x Abu Dhabi, UAEWednesday 26 July 2017

Drivers' attitude blamed for high death toll on roads

A lack of a responsible driving culture is the main cause of fatal road accidents in the Arab world, a safety official said yesterday. "We are a failure in teaching road safety," said Afif al Frigui, head of the Arab Road Safety Organisation. "In Europe, traffic rules are followed under any circumstances, even when it is snowing, because people respect the rules. Yet, if a man moves from Paris into the Arab world he will eventually get influenced by the bad driving habits because the environment as a whole does not follow the rules," he told an international symposium on traffic safety management systems in Abu Dhabi.

"It is not the sole responsibility of police operations, as many people seem to believe," Mr Frigui said. "It is an educational issue. For example, parents should impose traffic safety on their children. Imams should preach about it during Friday prayers." A Ministry of Interior official told the symposium the Government would adopt new procedures for training learner drivers and establish more driving schools.

The ministry's traffic department director, Col Gheath al Zaabi, said: "We plan to reduce deaths caused by traffic accidents by 1.5 for every 100,000 people each year. We will study the recommendations at the end of the symposium and see what could be applied to the UAE environment." The ministry's aim is to bring down road deaths to 14.2 per 100,000 by the end of 2008 from last year's figure of 15.7 per 100,000.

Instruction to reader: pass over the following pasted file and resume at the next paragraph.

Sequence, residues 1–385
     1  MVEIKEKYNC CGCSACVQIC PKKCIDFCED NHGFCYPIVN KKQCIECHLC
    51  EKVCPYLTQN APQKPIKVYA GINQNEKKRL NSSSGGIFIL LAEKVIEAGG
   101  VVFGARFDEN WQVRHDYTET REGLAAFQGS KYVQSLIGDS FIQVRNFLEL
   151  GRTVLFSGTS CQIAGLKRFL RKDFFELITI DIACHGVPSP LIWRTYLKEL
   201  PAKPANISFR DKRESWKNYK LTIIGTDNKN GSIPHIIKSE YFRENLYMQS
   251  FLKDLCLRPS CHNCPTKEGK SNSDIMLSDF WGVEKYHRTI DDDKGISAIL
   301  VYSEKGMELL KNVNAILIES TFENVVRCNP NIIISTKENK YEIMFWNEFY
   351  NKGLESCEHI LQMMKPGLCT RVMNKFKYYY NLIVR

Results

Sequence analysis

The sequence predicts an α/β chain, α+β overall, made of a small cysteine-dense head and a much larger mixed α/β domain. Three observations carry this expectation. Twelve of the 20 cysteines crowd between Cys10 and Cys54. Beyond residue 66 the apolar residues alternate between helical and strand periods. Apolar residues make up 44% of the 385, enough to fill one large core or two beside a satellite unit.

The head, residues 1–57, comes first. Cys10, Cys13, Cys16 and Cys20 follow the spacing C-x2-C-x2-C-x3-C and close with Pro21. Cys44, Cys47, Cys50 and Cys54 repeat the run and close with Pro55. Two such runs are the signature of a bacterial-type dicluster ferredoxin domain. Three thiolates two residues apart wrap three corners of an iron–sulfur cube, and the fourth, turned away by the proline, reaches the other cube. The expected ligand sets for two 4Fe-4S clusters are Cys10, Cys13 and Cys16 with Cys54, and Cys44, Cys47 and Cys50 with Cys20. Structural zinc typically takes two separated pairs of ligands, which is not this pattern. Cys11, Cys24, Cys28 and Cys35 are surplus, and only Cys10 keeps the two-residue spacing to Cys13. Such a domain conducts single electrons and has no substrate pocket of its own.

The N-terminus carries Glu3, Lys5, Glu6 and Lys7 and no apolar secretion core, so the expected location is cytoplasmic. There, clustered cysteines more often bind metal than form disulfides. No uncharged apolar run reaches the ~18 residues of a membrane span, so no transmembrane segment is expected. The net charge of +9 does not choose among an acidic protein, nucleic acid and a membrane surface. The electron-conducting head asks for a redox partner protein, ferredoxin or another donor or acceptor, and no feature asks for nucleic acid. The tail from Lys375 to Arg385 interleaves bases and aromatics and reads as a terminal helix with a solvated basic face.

Saif al Shafar, undersecretary at the Ministry of Interior, said new laws such as the black-points system for traffic offences had already helped to reduce road accidents. He also said a ban on cars more than 20 years old would contribute to traffic safety, because "over-aged cars increase pollution and accidents as they could suffer technical flaws". About 36,000 people died in traffic accidents in the Arab world in 2007, according to official figures. In GCC countries, about 9,000 motorists died and 65,000 were injured.

The five-day symposium is organised by the Emirates Traffic Safety Society, the Arab Road Safety Organisation and Prévention Routière Internationale. Traffic experts from the UAE and Arab world are attending to discuss the nature and challenges of traffic accidents, traffic safety on the international level, how to influence attitudes of road users, improving infrastructure and the role of traffic regulation and ambulances.

@Email:hdajani@thenational.ae * with additional reporting by Matthew Chung